December 1, 2022

Forty Christmases ago, a racist murdered my black high school friend. Here’s a look at how justice played out

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Forty years ago tonight, an unrepentant racist murdered a black high school friend of mine — in cold blood — for kissing a white woman on the cheek after midnight mass. This is his story.


Michael D. Johnson was the sweetest person one could ever hope to meet. He was literally a choirboy at Cardinal Spellman High School in the Bronx, the private parochial school we attended, along with future Supreme Court Justice Sonia Sotomayor, between 1968 and 1972.

Spellman was an unusual Catholic school at the time. For one thing, while when we started there in 1968 it was a “co-institutional” school, meaning that it had separate boys’ and girls’ schools residing in the same building with an invisible dividing line down the center, by our graduation in 1972, it had gradually become fully co-ed, in contrast to every other Catholic high school in New York which were either all-boys or all-girls.

The student body was a diverse group that reflected the racial make-up of the city, lots of students of Italian, Irish, and Hispanic descent with a proportionate number of African Americans as well, especially considering the fact that most American Blacks belonged to Protestant denominations.

The usual high school cliques were all represented at Spellman, the jocks, the nerds, the arty outsiders, etc. As a dedicated student who was also a music nerd, I hung out mostly with the academic types and the counter-cultural misfits at lunch in the cafeteria, and probably met Michael either in class or through one of his choir buddies who was friends with my girlfriend at the time.

We weren’t particularly close friends but would see each other at parties, sporting events, and the like. His inner goodness illuminated his personality, with a bright and cheerful outlook always dominating his presence. Michael was a smart, dedicated student who avoided the pitfalls that urban high schoolers can fall prey to and was universally liked by everyone in my cliques, at least.

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After graduation, we went off to different colleges and never saw each other again, although I would hear about him occasionally through mutual acquaintances. I was shocked when five years after we left Spellman, I heard the news of his brutal murder.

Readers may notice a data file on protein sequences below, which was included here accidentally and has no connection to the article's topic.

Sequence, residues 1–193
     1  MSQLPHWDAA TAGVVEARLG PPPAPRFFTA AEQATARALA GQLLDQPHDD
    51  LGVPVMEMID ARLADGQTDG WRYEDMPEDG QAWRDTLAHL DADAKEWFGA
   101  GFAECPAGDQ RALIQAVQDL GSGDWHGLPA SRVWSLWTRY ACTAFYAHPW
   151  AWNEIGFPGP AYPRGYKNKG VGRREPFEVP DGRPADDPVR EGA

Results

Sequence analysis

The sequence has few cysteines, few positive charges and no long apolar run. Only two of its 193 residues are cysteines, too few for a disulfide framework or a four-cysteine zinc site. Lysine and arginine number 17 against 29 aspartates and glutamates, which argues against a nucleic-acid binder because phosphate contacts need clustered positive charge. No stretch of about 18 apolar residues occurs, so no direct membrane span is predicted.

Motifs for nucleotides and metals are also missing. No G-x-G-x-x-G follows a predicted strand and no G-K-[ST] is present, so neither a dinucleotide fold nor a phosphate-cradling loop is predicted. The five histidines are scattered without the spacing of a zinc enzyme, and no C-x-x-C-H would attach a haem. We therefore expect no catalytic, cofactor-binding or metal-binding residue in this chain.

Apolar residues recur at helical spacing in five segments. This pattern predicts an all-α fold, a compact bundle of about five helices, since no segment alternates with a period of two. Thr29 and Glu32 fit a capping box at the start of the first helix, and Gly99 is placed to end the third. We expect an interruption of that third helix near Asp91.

I learned after his death that Michael had earned a scholarship to prestigious Williams College in Massachusetts and went on to study English and psychology. After graduating with honors, he got a job writing ad copy for J.C. Penney and started taking graduate-level business courses at night at Fordham University.

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It was at Fordham University Church that Michael Johnson attended midnight mass on Christmas 1977, along with his high school friends Dennis Vellucci and Patricia McLaughlin. After the mass ended, Dennis decided to attend a campus reception, but his girlfriend Patricia wanted to go home. Michael courteously insisted on walking her to her nearby home.

When he dropped her off, Patricia leaned over to say goodnight to her friend.

“I kissed him on the cheek. It was Christmas Eve. He was my friend.”

William Patrick Brennan and Robert Alvarez were driving by in Alvarez’ red Ford Mustang and saw the friendly holiday farewell, but distorted through the lens of racial hatred. Minutes later Alverez pulled up behind Michael Johnson as he walked down the usually bustling Fordham Road in the Bronx. After midnight on Christmas Eve, the street was relatively empty at this point.

The 17-year-old Brennan had a .22 caliber rifle with him in the car, and he pointed it out the window. He took aim and shot my friend in the back, the coward’s way. Michael fell to the ground as the Mustang sped away. A priest who had been nearby rushed to Michael’s side in time to hear his dying words:

“Tell my family I love them.”